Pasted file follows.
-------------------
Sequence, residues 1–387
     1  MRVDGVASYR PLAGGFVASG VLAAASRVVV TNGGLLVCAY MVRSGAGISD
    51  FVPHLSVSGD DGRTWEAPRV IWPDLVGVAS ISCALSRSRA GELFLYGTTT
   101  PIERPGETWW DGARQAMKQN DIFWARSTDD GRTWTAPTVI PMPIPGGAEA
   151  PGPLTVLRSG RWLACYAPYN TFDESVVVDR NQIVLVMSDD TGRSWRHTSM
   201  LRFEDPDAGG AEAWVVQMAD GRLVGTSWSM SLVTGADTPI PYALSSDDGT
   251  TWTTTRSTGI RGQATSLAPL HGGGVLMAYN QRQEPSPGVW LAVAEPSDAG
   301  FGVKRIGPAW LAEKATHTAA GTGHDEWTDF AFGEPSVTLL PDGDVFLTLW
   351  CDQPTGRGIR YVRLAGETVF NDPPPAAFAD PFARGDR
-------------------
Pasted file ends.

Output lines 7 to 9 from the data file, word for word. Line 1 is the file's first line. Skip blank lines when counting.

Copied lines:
   251  TWTTTRSTGI RGQATSLAPL HGGGVLMAYN QRQEPSPGVW LAVAEPSDAG
   301  FGVKRIGPAW LAEKATHTAA GTGHDEWTDF AFGEPSVTLL PDGDVFLTLW
   351  CDQPTGRGIR YVRLAGETVF NDPPPAAFAD PFARGDR